Need A Change Of Pace? Try Behavioral Health!

Category: Healthcare

Time to read: 3 minutes

If you’re starting to feel burned out in your current work setting, or want to open yourself up to rewarding opportunities in a different aspect of your career, it may be time to check out Behavioral Health!

TL;DR

  • Nurses who work in Behavioral Health settings are typically more admired and respected by patients than other fields of nursing.
  • It is easier than ever to work in this field thanks to temporarily reduced certification requirements
  • MSG Staffing can help you experience the rewards of working in Behavioral Health on a short term assignment so you can decide if the field suits you.

Valued For Your Service

Sometimes in nursing it can feel like your efforts are taken for granted, which can be a catalyst for burnout. Anyone who has worked in a medical surgical setting knows this can be especially true.

Behavioral Health settings—which can be in a hospital psychiatric unit, but also in an outpatient or community setting—are however quite different in regards to patient appreciation.

Patients remember the nurses who care for them in these settings. This is largely due to the sense of entitlement that has accompanied the advances in western medicine. When people get hurt or sick, many expect to get better. This mindset views nurses as a means to an end on their path to healing.

People who struggle with mental or emotional issues usually don’t see things this way. Many know they are sick, and have tried to get better on their own. There isn’t always a clear path or pill to get them well again, which can leave them without hope.

When hope is harder to come by, people are incredibly grateful to anyone who can provide it.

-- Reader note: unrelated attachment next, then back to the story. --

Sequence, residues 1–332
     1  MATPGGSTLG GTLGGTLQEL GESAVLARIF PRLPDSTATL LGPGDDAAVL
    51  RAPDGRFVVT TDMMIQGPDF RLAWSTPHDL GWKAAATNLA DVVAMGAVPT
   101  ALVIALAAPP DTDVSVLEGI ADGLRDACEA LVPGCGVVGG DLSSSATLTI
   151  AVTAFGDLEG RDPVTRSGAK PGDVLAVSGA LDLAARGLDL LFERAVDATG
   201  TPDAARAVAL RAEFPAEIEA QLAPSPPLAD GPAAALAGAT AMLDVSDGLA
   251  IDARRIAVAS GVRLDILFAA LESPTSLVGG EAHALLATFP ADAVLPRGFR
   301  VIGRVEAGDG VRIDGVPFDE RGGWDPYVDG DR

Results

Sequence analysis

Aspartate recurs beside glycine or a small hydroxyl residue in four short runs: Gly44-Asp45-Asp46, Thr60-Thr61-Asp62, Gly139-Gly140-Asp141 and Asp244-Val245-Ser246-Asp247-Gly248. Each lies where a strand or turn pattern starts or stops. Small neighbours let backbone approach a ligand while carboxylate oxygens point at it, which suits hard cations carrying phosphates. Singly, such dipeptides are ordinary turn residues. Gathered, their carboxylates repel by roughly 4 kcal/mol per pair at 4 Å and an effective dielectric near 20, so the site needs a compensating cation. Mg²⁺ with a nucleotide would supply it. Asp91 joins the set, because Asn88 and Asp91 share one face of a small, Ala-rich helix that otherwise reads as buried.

A Rare Opportunity

As of this writing (March 2022), nurses have a rare opportunity to “try before you buy” so to speak when it comes to pursuing careers in Behavioral Health settings.

Typically, one would need additional certifications to work in these types of settings. However, many of those restrictions have been temporarily lifted.

This is due in part to the nursing shortage that’s currently taking place, but it’s also for a more uplifting reason. The stigma that surrounded mental health issues in the past is steadily fading. People feel much more comfortable seeking help than they used to.

On the flip side of this coin, the work can be more demanding. More patients + less nurses = a problem on the surface. Deep down however the fulfillment you’re looking for may be through that open door right in front of you.

A Day In The Life

Working hours is an important factor in the quest to achieve a favorable work-life balance. Most (certainly not all) assignments or jobs in a Behavioral Health setting are provided in a community setting with hours that mirror typical business hours.

The nurse’s role is to walk alongside patients on their road to recovery, which involves you in every aspect of care. This also means you would work with a multidisciplinary team of healthcare professionals. This can include doctors, OTs, PTs, social works, and psychiatrists.

On a typical day, you will care for some of the most vulnerable people you’re likely to encounter. The people receiving your love and care will be suffering from things like anxiety and depression, eating disorders, substance abuse, mental or psychiatric disorders, etc. It is highly unlikely that two patients will be exactly the same.

Your job will revolve around making connections and building relationships with your patients, and their family, friends, and other support systems. You don’t always get to do that in other nursing disciplines.

A Growing Field

United States mental health & substance abuse centers have grown 3.8% on average per year between 2017 and 2022.

It’s not that people are getting sicker, it’s that people are finally receiving care. Federal funding for Medicaid and Medicare has increased during this time, and it’s estimated that reimbursements pay for 51.5% of all care in the industry. Best we can tell, it looks like this trend is likely to continue.

The point is this: working in a Behavioral Health setting may just be the change of pace you’re looking for. High levels of job satisfaction and personal fulfillment are usually discovered when we learn what we’re made of; when we find ourselves in challenging scenarios that on the surface may even look like adversity.

If you don’t know if a move into Behavioral Health nursing is for you, MSG Staffing can help. Reach out to your recruiter and ask about our travel contracts and local per-diem assignments in the field.

Who knows, you might just find exactly what you’ve been looking for.

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